Quality Scan: Making Wireless Data-Collection Work
The advantages of a wireless data-collection system include the ability to significantly reduce human error in data recording. It eliminates wiring-related placement, installation, safety, and cost issues. And it makes it easier to bring a precision measuring tool to the work, rather than bringing work to the measuring tool.
Wireless data transmission is critically needed to improve quality on the shop floor, but some wireless systems are vulnerable to shop-induced interference. Radio frequency (RF) waves are the data carrier in a wireless data-acquisition system. These waves are simply energy propagated through free space. When free space is cluttered with other energy forms, RF transmissions are compromised.
RF is highly susceptible to corruption and alteration by Electromagnetic Interference (EMI). EMI has been defined as the “degradation of the performance of a piece of equipment, transmission channel, or system caused by an electromagnetic disturbance.” (ANSI C63.14, 1992).
EMI can occur throughout the EM spectrum from 0 to 20 GHz or higher frequencies. However, EMI problems are most prevalent in the RF spectrum. Good RF handling is necessary to keep data intact during wireless data collection.
Types of EMI often found in the production shop environment include (but are not limited to) DC fields, quasi-AC fields, AC fields, other radio frequencies, and magnetic and transient electromagnetic fields.
If they are to be useful in the presence of these EMI components, RF-based systems must manage their performance relative to interference. There is no such thing as a 100% noise-immune radio system. With that truth in mind, system designers must develop robust wireless data-collection networks and sensors that are less susceptible to EMI.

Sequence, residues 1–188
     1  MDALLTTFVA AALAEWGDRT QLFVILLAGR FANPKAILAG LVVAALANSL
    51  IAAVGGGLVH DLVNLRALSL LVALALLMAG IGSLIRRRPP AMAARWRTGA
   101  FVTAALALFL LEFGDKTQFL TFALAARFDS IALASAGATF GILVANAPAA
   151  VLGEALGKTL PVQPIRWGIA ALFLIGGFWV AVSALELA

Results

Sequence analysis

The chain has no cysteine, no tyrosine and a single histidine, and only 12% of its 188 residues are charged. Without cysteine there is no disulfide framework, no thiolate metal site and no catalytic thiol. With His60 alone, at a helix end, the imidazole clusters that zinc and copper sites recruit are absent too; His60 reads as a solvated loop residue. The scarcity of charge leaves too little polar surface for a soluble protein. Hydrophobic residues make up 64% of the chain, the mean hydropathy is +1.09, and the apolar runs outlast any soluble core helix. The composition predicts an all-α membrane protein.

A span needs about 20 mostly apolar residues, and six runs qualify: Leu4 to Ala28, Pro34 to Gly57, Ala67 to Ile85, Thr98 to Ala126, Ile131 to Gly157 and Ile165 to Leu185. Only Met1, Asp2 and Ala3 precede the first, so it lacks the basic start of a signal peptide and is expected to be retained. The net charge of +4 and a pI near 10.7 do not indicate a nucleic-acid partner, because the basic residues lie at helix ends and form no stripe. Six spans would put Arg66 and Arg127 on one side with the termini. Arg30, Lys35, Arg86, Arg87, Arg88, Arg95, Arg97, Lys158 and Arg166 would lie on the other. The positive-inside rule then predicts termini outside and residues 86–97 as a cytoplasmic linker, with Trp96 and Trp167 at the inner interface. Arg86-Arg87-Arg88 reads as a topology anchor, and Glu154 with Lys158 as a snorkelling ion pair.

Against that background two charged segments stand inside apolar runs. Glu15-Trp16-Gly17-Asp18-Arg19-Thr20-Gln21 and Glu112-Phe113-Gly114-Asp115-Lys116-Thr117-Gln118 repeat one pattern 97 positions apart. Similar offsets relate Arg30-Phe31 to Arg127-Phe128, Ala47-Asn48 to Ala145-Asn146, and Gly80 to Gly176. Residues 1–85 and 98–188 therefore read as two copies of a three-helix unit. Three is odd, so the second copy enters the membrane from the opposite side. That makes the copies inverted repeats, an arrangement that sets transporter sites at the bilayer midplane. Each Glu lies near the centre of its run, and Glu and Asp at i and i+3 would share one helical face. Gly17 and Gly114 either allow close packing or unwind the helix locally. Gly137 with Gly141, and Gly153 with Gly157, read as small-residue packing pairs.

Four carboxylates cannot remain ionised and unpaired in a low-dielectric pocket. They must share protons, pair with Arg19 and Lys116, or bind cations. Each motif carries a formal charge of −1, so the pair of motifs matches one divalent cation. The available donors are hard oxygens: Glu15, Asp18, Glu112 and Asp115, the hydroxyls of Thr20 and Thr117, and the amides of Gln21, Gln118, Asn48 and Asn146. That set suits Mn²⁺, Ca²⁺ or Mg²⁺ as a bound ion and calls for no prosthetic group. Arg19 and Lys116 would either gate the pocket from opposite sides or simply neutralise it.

There are many techniques that designers can use to offset the impact of noise in a wireless network. One such technique is to create a robust and reliable wireless network by setting up a mesh network.
A mesh network is a topology that has some distinctive features. First, it has a single and central “gateway” function, where all system-wide commands and network management can occur. Data from the network also return here. Second, the sensor/measurement endpoint radios can be active components of the network. Third, numerous routers or repeaters are present, and can be added to enable multiple paths for OTA (Over the Air) transmissions.
The mesh is inherently robust to interference because of the system configuration. An example of this can be explained by looking at what happens to the OTA flight of a RF signal. The endpoint radio acquires data from its measurement tool or sensor, and then transmits the data to the gateway. During the data-flight time, a plume of EMI from an induction hardener swamps or negates the RF in the immediate vicinity.
Adjacent to the first router, other routers have also received this data transmission. Once the blocked router has found no data was received, it cannot pass along any data to the gateway. Simultaneously, the other routers have the good data and attempt to send that data to the gateway.
The data may make a series of router hops before reaching the gateway. While this happens, other copies of the data are enroute to the gateway. When the gateway sees an exact copy of already received data, the gateway discards additional copies.
Multiple paths in a mesh network provide alternative paths for data, avoiding corruption from EMI. In addition, when EMI is not present and optimal operating conditions exist, the mesh network speeds OTA transmission by constructing a routing table in each network element. The routing table creates a predetermined path for data, which allows the other routers in the network to either be idle or available for other endpoints to be received.
Unlike mesh networks, daisy chain or point-to-point networks suffer from single points of failure. If one link in the chain is corrupted by EMI, then OTA transmission will stop at that break in the chain.
If the wireless network is capable of supporting a mesh configuration, then simply adding routers to the system will make the system more robust. Empirical field-measurement data show the mesh architecture can easily achieve zero failures in five million measurements in a radio-hostile environment.
Designing and implementing a wireless mesh network is one way to offset the impact of noise, and to ultimately achieve accurate results from a wireless data-collection system. Users in today’s hostile manufacturing environments can benefit from using this technology to ensure very high data integrity.
This article was first published in the May 2006 edition of Manufacturing Engineering magazine.
Published Date : 5/1/2006